In this example, we’ll see how Lisa is using Google AdWords to market the Google Store online. In the Google Store, you can find all kinds of Google gear, ranging from clothing to toys, and buy gear directly online.
As you can see, this webshop is structured into product categories such as accessories and wearables with subcategories for each specific product. Lisa uses the same structure in her AdWords account as in her store: she uses the product categories from the webshop to create different campaigns. Each product within these categories will then get its own ad group with its own specific set of keywords and ads.
Using the structure of your website as a model for the structure of your account not only makes it easy to find the individual ads in your account, but it's also an excellent way of making your ads relevant to users.
Lisa has noticed that the advertising costs for t-shirts and bowling bags are different. By having different product categories in different campaigns, Lisa can define different budgets and bidding options for each product category. This separation also makes reporting and analysis of these different product categories easier. Here’s how to set a budget for your campaign.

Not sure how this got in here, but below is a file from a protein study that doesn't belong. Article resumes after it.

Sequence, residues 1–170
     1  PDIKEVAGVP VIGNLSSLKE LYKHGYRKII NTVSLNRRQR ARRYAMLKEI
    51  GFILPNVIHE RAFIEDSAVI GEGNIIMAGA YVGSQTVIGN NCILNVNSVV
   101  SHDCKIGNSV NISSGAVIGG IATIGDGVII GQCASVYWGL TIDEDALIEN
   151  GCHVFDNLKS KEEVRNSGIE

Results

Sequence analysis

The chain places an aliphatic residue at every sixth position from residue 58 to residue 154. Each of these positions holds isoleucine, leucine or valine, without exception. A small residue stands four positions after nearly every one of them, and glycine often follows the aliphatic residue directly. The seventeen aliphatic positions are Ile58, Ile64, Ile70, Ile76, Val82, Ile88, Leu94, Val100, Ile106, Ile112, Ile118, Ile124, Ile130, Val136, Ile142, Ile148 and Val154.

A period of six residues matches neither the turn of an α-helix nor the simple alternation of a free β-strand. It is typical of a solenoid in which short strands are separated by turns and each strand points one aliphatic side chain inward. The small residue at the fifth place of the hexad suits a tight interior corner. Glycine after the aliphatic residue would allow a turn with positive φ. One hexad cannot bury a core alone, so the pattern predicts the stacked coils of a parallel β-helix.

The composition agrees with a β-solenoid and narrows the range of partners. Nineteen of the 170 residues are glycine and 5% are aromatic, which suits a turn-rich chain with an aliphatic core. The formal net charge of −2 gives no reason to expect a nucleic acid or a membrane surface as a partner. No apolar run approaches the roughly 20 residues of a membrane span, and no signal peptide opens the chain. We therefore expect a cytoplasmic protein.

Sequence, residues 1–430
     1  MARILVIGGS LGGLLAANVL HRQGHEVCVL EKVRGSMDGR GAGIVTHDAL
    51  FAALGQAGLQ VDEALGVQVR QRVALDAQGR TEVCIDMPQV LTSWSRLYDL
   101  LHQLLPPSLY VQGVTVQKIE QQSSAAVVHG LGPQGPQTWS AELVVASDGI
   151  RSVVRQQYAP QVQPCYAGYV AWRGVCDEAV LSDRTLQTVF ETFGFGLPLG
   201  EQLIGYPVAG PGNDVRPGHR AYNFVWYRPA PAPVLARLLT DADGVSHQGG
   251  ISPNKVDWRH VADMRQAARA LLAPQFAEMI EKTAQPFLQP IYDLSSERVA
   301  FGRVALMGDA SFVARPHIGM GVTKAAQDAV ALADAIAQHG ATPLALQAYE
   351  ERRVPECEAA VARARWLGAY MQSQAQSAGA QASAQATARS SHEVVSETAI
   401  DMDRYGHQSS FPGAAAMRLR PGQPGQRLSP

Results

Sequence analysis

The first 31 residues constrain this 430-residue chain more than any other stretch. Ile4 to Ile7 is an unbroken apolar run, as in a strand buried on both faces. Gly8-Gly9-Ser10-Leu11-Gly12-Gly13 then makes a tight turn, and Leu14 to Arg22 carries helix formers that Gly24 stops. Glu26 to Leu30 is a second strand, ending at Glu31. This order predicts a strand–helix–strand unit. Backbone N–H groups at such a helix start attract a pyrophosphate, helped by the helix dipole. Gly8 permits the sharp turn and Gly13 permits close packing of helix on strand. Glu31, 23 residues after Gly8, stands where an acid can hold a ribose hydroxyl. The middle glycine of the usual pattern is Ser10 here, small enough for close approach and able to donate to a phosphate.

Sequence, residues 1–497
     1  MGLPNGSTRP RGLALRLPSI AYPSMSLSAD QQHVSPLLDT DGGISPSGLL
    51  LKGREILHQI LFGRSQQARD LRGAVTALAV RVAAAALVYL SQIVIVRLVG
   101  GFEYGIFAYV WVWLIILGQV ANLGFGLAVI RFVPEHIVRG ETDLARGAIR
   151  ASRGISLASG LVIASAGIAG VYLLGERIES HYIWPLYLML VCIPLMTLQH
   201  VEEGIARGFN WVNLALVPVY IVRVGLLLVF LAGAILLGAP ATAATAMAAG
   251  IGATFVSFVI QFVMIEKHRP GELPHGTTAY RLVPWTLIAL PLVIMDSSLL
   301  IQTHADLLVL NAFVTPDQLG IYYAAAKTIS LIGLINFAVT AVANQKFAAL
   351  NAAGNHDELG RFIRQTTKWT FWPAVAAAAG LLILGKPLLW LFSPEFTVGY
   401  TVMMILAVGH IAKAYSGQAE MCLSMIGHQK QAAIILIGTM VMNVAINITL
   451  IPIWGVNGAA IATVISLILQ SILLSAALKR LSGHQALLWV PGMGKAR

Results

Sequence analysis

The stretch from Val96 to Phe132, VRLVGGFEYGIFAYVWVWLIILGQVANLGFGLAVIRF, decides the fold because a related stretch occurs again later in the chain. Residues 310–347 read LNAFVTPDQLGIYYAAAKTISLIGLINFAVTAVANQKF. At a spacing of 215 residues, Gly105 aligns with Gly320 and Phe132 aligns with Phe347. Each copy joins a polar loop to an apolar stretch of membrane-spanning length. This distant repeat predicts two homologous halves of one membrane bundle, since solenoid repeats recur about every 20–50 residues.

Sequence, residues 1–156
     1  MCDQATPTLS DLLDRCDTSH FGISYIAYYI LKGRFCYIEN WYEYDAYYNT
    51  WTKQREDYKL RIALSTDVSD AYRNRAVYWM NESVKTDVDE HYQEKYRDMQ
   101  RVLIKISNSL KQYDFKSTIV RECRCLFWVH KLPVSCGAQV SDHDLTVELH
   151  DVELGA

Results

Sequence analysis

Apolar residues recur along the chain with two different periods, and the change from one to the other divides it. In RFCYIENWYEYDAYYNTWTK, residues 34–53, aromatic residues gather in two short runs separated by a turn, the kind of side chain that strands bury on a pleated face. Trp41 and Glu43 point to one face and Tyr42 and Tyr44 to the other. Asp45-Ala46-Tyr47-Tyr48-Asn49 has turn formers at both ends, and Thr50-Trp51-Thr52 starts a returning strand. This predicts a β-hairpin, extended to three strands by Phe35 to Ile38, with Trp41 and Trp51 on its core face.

If Lisa wanted to reach people who speak different languages or live in different geographic areas, she could create campaigns in different languages, and target the appropriate language and geographic region in her campaign settings.
You can find step-by-step instructions for creating new campaigns here. In the next part of this series, we’ll examine how to use ad groups to your advantage. Stay tuned!
Posted by the AdWords Help Center team